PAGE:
Black Money Outflows Growing Faster Than GDP – Livemint – 17-Dec-2014
December 25, 2014 - Uncategorized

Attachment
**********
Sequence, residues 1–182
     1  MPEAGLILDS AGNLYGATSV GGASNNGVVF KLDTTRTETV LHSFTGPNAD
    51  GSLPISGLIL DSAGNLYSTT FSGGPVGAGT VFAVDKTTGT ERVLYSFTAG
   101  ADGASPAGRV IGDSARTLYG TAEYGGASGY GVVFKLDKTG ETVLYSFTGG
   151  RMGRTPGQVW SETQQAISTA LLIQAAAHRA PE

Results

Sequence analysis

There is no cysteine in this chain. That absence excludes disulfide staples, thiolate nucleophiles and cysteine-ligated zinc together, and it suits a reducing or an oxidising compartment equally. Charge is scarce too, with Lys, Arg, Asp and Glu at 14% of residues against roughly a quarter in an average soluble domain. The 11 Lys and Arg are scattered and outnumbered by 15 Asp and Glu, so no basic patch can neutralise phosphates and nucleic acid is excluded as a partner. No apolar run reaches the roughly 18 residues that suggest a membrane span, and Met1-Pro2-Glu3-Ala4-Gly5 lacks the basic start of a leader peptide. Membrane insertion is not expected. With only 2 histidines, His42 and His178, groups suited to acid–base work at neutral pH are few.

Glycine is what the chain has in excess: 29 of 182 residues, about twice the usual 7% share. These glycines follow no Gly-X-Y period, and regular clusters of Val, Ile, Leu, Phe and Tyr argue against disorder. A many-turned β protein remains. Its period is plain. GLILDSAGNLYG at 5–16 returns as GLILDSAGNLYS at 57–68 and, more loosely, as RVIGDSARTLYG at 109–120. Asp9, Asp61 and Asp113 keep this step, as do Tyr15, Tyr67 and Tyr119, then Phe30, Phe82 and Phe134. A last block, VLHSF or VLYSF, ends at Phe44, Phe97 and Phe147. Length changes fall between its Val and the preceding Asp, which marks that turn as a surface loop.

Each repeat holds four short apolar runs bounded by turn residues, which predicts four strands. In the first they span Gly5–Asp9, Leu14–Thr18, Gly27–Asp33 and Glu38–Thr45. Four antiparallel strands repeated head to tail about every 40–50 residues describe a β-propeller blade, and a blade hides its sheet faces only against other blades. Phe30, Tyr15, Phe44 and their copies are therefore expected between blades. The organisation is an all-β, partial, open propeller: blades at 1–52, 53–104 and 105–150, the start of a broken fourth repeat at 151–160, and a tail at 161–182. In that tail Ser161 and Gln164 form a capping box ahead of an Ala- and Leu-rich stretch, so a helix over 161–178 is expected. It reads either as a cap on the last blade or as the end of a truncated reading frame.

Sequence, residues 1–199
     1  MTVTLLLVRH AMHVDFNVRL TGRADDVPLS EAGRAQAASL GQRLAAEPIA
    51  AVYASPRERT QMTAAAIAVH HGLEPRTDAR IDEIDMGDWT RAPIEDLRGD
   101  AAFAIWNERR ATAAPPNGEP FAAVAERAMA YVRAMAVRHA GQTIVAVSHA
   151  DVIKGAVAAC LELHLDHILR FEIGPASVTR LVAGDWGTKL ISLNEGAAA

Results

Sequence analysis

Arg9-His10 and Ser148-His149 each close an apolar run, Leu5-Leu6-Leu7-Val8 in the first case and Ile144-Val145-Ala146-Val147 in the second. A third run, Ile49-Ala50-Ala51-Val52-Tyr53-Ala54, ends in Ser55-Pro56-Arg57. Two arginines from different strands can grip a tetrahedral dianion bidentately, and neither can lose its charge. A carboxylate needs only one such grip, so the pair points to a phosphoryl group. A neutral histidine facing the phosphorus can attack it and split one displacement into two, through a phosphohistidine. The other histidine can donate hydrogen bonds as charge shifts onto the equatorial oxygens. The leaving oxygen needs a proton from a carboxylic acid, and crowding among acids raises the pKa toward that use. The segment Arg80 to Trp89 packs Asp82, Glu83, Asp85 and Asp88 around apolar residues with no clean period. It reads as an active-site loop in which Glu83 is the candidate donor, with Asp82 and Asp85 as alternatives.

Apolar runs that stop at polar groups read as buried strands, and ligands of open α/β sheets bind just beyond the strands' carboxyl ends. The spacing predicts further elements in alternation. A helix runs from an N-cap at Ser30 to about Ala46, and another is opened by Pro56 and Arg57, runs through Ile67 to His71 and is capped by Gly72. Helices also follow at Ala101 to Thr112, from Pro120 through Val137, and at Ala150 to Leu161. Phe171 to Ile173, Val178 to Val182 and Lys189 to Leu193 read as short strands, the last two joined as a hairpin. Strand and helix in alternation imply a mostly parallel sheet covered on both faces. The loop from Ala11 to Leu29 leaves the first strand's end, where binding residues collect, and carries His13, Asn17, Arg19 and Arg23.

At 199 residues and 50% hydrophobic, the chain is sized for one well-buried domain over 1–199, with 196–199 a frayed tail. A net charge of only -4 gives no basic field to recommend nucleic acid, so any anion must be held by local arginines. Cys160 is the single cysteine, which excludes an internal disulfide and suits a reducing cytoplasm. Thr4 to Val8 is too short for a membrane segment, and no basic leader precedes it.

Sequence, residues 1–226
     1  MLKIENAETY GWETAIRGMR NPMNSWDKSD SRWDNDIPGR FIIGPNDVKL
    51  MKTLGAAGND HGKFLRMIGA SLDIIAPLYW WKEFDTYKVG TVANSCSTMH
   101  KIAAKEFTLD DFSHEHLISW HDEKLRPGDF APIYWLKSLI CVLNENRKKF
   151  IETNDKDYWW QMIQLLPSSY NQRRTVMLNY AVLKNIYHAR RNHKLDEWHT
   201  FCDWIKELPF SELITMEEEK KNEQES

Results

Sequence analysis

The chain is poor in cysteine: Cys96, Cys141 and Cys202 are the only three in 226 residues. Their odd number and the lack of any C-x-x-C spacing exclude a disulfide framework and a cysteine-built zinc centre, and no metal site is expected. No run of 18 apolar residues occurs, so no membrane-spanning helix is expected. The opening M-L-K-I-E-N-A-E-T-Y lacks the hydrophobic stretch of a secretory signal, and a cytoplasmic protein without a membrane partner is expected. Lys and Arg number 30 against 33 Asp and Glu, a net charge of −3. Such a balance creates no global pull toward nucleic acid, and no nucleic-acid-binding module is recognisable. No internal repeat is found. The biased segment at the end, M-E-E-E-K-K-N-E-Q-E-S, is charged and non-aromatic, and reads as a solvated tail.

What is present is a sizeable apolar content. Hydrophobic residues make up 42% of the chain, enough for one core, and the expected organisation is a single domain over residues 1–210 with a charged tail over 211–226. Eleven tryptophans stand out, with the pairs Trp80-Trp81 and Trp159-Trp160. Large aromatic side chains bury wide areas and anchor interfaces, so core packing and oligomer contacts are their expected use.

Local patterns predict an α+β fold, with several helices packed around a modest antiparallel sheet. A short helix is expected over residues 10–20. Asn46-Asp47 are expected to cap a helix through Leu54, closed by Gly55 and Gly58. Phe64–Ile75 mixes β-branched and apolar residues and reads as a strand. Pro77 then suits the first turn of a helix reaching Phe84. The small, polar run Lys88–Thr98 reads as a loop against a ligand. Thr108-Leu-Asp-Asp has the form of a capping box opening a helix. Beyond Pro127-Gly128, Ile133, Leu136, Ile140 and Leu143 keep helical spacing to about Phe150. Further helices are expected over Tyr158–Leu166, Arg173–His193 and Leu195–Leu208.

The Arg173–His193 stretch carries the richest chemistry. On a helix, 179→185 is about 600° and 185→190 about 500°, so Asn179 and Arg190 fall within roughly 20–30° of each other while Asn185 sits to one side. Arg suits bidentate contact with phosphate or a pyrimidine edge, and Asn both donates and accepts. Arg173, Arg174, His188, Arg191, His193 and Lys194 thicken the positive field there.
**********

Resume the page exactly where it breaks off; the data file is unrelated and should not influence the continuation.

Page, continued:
Illicit money outflows from India rose over a period of nine years to hit $94.76 billion in 2012, placing it in third place behind China and Russia as a source of black or unaccounted money, according to fresh data from Global Financial Integrity (GFI), a US-based not-for-profit research organization. Since 2003, when GFI started compiling these statistics, illicit outflows from India have grown at an annual average of 25%—much higher than the growth in nominal economic output. Consequently, illicit outflows have also been increasing as a proportion of gross domestic product (GDP) in recent years (see chart). In 2012, the last year for which data is available, illicit outflows from India accounted for 5.1% of GDP. That still compares well with Malaysia’s 16% and Russia’s 6.1%. GFI measures illicit financial outflows using two sources: one, outflows owing to deliberate trade misinvoicing such as exporters showing lower receipts for higher value of overseas sales, and two, outflows owing to leakages in balance of payments. Therefore, its sources exclude services and intangible trade as well as criminal activities, such as the drug trade, human trafficking, much of counterfeiting, etc., which are massive sources of black money. As Mint pointed out in an earlier story on this topic, black money is difficult to measure accurately. Indeed, some estimates such as those from the World Bank’s put India’s shadow economy at close to one-fifth of economic output. Illicit outflows are higher than foreign direct investment (FDI) in emerging economies, highlighting the importance of curbing black money. In India, except for 2009, illicit outflows have trumped inbound FDI every year since 2003, as Chart 2 shows. According to the report, from 2003 to 2012, developing countries lost $6.6 trillion to illicit outflows, with Asia remaining the largest contributor, accounting for 40% of total illicit financial outflows from the developing world during this period. Clearly, India is not alone in facing this problem.